sábado, 5 de septiembre de 2015

ROBERT CAPA, PICTURES OF THE MASSIVE FLIGHT FROM CERRO MURIANO: ALL THE IMAGES

SPANISH



The investigations made by José Manuel Serrano Esparza between 2008 and this year 2015 on the areas between Cerro Muriano, the old Obejo train station and El Vacar, along with the Finca de Villa Alicia, approximately one kilometer in the southwest of Cerro Muriano village, enabled him to discover the authorship and location of many new pictures of refugees of Cerro Muriano made by Robert Capa on September 5, 1936 which were unknown. The photographs were taken during the massive flight of the civil population because of the air attacks of the Francoist aviation, from midday to the afternoon — the air raids were intensified from around 15:00 h — of that date. Beginning with the seven pictures of refugees made by Capa and already known — three of them located by José Manuel Serrano Esparza, another one by Juan Romero Ruiz and a further one whose zone was delimitated by Patricio Hidalgo Luque — we can know at present a total of fourteen pictures, in such a way that an exceedingly advance has been fulfilled regarding the insight on the extraordinary reportage The Flight of the Refugees from Cerro Muriano, made by Robert Capa in the aforementioned date and which sets up one of the greatest milestones in both his professional career as a war photographer and the History of Photojournalism.
Alfonso del Barrio. Director of FV Photography magazine.

1)
                                Photo: Robert Capa. © ICP New York


Photograph taken by Capa beside the Cortijo of Villa Alicia — within the estate bearing that name and located around one kilometer in the southwest of the village of Cerro Muriano — , very few meters before reaching it, in the stretch of  public way that passes next to it, known as Public Way of Villa Alicia or Public Way of the Written Stone, with Torrearboles hill skyline visible in the background.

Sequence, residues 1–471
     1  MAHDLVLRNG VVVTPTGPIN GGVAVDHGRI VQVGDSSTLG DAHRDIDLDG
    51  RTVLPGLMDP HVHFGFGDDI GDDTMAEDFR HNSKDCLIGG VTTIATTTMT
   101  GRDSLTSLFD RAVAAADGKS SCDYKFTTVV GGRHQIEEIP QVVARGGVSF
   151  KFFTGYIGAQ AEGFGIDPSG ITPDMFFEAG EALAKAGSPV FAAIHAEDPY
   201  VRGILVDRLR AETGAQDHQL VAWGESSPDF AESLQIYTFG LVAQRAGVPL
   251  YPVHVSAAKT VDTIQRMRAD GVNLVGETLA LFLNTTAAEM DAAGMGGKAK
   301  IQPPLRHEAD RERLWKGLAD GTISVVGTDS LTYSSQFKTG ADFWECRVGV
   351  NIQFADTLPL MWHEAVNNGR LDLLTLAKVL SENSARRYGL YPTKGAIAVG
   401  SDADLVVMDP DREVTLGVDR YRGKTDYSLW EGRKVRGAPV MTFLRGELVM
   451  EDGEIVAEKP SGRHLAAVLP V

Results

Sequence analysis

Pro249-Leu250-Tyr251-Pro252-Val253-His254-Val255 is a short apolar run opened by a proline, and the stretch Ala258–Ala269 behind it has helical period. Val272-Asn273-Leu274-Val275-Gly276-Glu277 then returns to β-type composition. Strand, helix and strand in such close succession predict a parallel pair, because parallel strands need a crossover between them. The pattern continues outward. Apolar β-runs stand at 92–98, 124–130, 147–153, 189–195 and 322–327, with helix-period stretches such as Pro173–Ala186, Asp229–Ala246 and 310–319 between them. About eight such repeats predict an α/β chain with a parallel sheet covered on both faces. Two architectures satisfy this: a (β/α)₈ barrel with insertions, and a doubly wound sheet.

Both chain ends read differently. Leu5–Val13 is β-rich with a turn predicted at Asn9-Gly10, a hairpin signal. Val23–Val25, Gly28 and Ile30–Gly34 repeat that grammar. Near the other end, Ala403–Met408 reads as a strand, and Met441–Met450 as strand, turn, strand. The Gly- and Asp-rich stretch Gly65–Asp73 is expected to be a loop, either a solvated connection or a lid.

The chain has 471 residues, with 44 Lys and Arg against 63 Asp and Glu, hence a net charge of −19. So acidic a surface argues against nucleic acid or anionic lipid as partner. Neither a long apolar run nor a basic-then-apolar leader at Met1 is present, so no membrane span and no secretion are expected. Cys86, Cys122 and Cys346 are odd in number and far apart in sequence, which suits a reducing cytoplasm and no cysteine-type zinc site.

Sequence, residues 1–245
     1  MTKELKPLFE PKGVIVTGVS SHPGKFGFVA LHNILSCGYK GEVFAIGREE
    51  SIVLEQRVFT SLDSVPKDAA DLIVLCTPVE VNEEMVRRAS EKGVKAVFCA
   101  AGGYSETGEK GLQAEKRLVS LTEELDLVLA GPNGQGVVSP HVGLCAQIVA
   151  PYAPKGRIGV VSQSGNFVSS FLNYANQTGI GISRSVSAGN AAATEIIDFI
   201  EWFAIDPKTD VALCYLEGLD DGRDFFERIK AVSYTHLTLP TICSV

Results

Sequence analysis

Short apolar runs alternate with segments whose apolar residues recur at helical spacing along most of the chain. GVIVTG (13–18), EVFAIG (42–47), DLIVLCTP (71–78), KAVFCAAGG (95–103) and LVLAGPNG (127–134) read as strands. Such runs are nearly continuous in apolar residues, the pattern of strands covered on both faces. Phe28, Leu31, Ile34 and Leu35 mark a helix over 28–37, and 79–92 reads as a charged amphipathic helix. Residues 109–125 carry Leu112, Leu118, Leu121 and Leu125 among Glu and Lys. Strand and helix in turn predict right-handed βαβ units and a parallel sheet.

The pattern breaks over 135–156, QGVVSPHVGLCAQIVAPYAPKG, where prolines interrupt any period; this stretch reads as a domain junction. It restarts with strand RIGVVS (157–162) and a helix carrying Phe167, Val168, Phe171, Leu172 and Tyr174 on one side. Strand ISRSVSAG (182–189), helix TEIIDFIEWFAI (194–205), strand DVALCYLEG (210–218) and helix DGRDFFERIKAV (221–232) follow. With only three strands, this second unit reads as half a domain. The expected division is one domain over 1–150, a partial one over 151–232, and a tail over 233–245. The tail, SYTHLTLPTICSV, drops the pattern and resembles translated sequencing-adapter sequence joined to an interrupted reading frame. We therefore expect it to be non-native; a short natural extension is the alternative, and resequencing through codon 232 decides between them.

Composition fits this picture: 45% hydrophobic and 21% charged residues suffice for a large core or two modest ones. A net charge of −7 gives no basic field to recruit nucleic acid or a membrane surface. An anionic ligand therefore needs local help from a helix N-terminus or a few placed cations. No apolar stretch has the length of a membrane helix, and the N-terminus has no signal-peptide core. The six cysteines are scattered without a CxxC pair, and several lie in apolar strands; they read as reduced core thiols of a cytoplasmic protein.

Discovery of the location of this picture: José Manuel Serrano Esparza in May of 2010.

We can see a tall man walking in the middle of two black donkeys. He wears dark trousers and jacket, white shirt and a hat. He seems to be the father of the children who appear behind him, a teenage girl just on his right, wearing a black shirt whose left sleeve is turned up, mounted on a donkey, a little child going after her and mounted on another donkey and whose head protrudes from the left arm of the quoted young girl, a man in the far right background (hardly visible, mounted on a white donkey and wearing a cap with shade on his head), a little girl being approximately between 6-8 years old who is mounted on the black horse which is in the image with a telegraph post ascending from the upper area of her right arm and is wearing a clear jacket and dark shirt, while her hair is very tousled, because of the stress of the escape, with her chin being partially hidden by the right tip of the black horse; and behind her, on the extreme left area of the photograph, we can see a woman dressed with a dark garment, mounted on a white donkey and taking with her an absolutely lovely very little baby who has been captured by Robert Capa with all of his charm.

This picture was almost unknown until the This is War! Robert Capa at Work exhibition held throughout 2007 and 2008, in which it was unveiled that it had been made by Robert Capa, though its location wasn´t known.

2) 
                                  Photo: Robert Capa. © ICP New York


Vertical photography, made by Robert Capa on September 5th 1936 at midday, next to the Cortijo of Villa Alicia, on the small adjacent esplanade.

Discovery of the location of this picture: José Manuel Serrano Esparza in September of 2008.

In this photograph we can see a mature woman on the left, wearing dark apparel, holding a little child in her arms and a man on the right clad with the typical Andalusian hat, clear jacket with dark right pocket, dark trousers and white slippers, who is  taking a little girl between his arms.

You can also see an approximately between 7 and 9 years old boy in short trousers and a donkey in the background with a hardly glimpsed very little child mounted on it.